Howdy folks! Welcome back to my blog series on aquaponics. In last the last post, titled “Charcoal vs Biochar – The Important Detail” I discussed the use of biochar in aquaponics and my own nearly critical mistake with it.
One of those things that I do try to keep in mind is that any success of mine in aquaponics is a result of “standing on the shoulders of giants”. Which is why I’m writing these blog posts. I’m hoping to help other folks who are interested in this remarkable sustainable farming technology. I’ve made some mistakes and I’ve tested some theories, and I want to make sure that anything I’ve learned or proven or tripped over winds up out in the collective record of the Internet community.
It’s not about the magic, it’s about the normal
I was listening to a pod-cast the other day about growing in aquaponics, and someone asked a pretty straight forward question about basic gardening. The guest-speaker’s initial reply was best summarized as “what did you expect to happen?”. While that was a bit off-putting, his next comment was really what got me thinking.
People start with aquaponics systems and expect some sort of magic to happen. It’s still plants. They need light, they need fresh air, they need all the things that any regular garden does. All aquaponics does is replace the job the soil does.
At the end of the day, I think there is a level of hype that hides the fact that aquaponics “just” lets you be a more productive gardener or farmer. If you are not yet a gardener or farmer, you have some serious reading to do on those topics first before you take on aquaponics.
The classic example, for me, is the poor lighting for my basement test system. Artificial lighting for indoor growing is not a trivial issue to address … a half-square-meter of growing area needs the equivalent light of 6x 100w incandescent bulbs suspended 30cm above the average height of the plants. Oh, and you’ll need a small fan blowing on the bulbs.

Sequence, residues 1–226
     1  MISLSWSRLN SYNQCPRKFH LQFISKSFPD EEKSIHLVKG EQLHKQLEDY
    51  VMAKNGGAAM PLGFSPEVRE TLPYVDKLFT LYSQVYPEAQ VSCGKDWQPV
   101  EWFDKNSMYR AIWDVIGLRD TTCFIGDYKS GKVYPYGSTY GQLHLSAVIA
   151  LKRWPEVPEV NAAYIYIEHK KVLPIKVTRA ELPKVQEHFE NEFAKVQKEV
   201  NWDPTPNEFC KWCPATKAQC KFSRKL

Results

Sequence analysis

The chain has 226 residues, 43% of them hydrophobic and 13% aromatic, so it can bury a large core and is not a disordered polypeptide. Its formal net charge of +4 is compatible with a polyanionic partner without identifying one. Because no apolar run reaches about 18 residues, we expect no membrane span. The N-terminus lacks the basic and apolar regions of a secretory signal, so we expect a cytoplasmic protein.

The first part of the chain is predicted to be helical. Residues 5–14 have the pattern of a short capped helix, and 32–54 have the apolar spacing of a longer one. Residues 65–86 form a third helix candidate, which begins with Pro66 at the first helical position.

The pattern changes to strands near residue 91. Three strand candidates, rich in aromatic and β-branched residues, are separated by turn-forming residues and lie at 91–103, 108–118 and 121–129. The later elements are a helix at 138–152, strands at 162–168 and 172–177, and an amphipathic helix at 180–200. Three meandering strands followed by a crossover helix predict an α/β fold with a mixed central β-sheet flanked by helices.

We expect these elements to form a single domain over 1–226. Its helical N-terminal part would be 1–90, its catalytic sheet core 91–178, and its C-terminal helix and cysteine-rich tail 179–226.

That’s per half-square-meter or half-square-yard. Depending on what you are growing … you might need twice that much for best results.
I think I was around ¼ of that when I first started, and couldn’t figure out why the plants all “looked funny” … long, stringy and spindly. The answer of course, I discovered after the fact was that they were putting all their growth into reaching for the relatively weak lighting.
With aquaponics, there is no “magic”. There is just some ruthlessly optimized “normal”. I use the expression “it’s a lake in a box” to explain aquaponics to people. The only difference is that I’m growing vegetables in the marsh at the edge of the lake.
Keep that in mind when you are planning your home system. You need to know how to be a good gardener — indoor or outdoor or both — before you need to worry about how to build your aquaponics system. Do your reading. If you are like me, and “learn by doing”, at least spend some time watching other people doing — YouTube is an excellent resource.
Eventually, you have to take the plunge, and then you’ll figure out everything you didn’t know that you didn’t know. But, before you wonder what is wrong with your aquaponics, always first ask the question “what is wrong with my garden?”.
I find that it helps to keep some perspective.